Many years ago, my old pal T.S. Hoover and I would make a project of photographing the old New Haven Railroad during the holiday season.
This past New Years Eve (December 31 2018), I maintained this tradition, although that wasn’t my intent!
I was transferring from Amtrak 405 from Springfield to Amtrak 195 from Boston. Let’s just say the Boston train wasn’t holding to the advertised and I had ample time to wander around and make photographs of the passing action.
New Haven isn’t pretty, high level platforms combined with a plethora of poles, catenary masts, catenary, signs, garbage, stray wires and other visual clutter hasn’t improved this classic setting, but there’s a great variety of equipment on the move.
No GG1s, RDCs, FL9s, E8s or other relics that made this a fascinating place when I was a teenager. For that matter there weren’t any E60s, AEM-7s, F40s or SPV-2000s either.
Back in the summer of 1981, I was changing trains at New Haven, Connecticut and made this photograph of a new Budd-SPV2000 assigned to the New Haven-Springfield shuttle.
Until I scanned this photo, I didn’t realize I’d made a photo of Amtrak’s short-lived LRC tilting train. Look in the distance to the right of the SPV-2000 and you’ll see the Canadian-built tilting train.
No one ever told me you shouldn’t point the camera into the sun!
I exposed this grab shot in New Haven, Connecticut as I was changing trains with my mother and brother (you can see my mother in silhouette at left).
As the Amtrak RDCs pulled into the platform I made a couple of black & white photos with my Leica 3A.
At the time I was delighted because the leading RDC was still lettered for the New Haven Railroad. At the time this seemed like a relic from another age, but looking back it had only been about 11 years since New Haven Railroad’s demise.
Pity I didn’t have a wider lens, but it’s just as well I didn’t know anything about how you were supposed to make photos. If I had, I might not have made this one!
I used to say that with Conrail operations you needed a score-card to figure out what was going on, and by the time you figured out there was too much information to put on a slide mount.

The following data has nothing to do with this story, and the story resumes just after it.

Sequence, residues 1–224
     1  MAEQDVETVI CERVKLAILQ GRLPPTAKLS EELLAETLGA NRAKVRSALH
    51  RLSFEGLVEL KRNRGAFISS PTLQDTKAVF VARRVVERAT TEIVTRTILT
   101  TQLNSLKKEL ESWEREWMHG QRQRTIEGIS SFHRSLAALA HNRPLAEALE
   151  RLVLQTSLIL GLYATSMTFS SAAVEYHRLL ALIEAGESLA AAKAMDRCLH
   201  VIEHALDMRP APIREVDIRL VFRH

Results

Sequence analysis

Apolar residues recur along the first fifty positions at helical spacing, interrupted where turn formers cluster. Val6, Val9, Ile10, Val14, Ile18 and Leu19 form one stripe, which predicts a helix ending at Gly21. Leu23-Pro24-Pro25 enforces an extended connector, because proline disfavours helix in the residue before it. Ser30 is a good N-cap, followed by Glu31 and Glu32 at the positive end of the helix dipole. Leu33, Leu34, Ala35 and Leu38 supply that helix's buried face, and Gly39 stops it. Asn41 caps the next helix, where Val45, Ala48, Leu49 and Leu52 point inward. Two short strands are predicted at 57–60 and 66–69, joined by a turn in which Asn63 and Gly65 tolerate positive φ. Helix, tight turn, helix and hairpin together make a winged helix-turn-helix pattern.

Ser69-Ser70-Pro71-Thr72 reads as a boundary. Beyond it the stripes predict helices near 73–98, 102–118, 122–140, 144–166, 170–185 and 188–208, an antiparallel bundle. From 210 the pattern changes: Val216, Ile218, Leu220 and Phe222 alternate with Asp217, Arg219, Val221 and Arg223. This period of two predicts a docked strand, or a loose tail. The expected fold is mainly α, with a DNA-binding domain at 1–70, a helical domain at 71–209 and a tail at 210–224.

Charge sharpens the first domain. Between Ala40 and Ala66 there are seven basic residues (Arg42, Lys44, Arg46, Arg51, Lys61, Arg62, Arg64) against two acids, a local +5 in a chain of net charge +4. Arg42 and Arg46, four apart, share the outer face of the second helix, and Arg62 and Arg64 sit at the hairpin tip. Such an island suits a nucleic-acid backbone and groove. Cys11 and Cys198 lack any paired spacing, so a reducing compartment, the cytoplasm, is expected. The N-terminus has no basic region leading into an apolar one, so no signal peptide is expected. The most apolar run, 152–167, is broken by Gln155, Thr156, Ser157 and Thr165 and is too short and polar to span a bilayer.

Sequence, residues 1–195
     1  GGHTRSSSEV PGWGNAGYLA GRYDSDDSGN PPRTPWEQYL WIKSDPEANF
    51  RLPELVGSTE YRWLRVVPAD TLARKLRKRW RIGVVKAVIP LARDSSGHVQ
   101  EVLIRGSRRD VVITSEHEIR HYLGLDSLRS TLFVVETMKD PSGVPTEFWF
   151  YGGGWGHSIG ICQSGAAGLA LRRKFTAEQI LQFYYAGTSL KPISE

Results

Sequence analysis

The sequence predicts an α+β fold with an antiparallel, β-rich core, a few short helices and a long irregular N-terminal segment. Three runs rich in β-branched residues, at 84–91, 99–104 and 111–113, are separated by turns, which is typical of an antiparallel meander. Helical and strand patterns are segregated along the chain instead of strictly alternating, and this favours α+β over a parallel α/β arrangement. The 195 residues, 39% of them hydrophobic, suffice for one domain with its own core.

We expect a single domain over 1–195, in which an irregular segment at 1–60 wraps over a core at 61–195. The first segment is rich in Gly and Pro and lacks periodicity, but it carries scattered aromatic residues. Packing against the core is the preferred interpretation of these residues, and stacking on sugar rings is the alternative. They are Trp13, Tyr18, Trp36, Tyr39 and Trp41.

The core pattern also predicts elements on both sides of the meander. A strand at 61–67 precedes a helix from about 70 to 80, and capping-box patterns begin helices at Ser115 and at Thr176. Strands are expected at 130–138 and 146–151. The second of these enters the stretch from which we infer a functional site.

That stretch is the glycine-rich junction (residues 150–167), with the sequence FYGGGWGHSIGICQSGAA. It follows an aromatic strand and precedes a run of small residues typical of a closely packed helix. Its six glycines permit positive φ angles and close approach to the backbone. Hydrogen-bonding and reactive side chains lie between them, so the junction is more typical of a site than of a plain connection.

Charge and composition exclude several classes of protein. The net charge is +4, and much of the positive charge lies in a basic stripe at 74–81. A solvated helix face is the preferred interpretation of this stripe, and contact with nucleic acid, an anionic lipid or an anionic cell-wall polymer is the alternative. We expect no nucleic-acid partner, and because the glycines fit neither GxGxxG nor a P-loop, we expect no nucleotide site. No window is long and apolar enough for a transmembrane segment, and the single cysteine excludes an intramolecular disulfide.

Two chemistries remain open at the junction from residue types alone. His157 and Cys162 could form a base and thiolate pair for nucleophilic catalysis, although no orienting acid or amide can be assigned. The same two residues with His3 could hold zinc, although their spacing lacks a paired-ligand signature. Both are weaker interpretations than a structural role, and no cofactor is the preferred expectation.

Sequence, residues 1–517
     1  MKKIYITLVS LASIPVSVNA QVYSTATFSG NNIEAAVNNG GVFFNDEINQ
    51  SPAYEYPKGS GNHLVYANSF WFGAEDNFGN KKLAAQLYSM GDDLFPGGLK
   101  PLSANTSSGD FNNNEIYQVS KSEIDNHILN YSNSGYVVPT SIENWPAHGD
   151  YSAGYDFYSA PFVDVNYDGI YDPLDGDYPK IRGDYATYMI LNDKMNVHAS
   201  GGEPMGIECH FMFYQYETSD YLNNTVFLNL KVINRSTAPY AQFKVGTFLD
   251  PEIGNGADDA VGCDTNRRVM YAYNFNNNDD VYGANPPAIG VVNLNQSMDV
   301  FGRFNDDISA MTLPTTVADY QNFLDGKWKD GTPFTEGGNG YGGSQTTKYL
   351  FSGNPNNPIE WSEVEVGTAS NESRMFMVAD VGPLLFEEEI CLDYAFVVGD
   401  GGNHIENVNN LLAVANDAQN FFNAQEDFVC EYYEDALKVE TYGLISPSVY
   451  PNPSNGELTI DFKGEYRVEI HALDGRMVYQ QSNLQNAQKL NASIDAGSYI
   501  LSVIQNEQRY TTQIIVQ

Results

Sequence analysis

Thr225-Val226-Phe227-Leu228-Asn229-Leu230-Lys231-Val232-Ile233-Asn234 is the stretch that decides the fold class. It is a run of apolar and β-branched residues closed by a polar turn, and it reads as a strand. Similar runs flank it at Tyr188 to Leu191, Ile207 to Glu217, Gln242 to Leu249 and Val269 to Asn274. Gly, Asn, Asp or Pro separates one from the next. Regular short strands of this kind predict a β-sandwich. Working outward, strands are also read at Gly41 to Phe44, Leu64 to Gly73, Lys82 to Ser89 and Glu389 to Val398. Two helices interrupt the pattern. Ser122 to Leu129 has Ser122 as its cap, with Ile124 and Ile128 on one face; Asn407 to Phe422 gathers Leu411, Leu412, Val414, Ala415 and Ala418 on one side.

It hasn’t become any easier: Here were have the former New York, New Haven & Hartford electrified four-track main line. New Haven was absorbed by Penn-Central in 1969 (although Penn-Central itself was created from the merger of Pennsylvania Railroad and New York Central in 1968). PC collapsed financially and resulted in Congress creating the Consolidated Rail Corporation (Conrail).
However, during this time ownership of the Northeast Corridor (comprised in part by the New Haven mainline) was separated from Conrail, with most of the Boston to Washington route conveyed to Amtrak. Except portions of the electrified line west of New Haven that were instead conveyed to the states of Connecticut and New York.
[Clarification: In the aftermath of Penn-Central bankruptcy, New York’s Metropolitan Transportation Authority assumed financial responsibility for the New York portion of suburban services, with the Connecticut Department of Transportation (C-Dot) supporting Connecticut operations on former New Haven Lines—details from my book Railroad Family Trees published by Voyageur Press.]
Yet, initially Conrail continued to provided freight and suburban operations. When Conrail exited the commuter business at the end of 1982, Metro-North assumed suburban operations.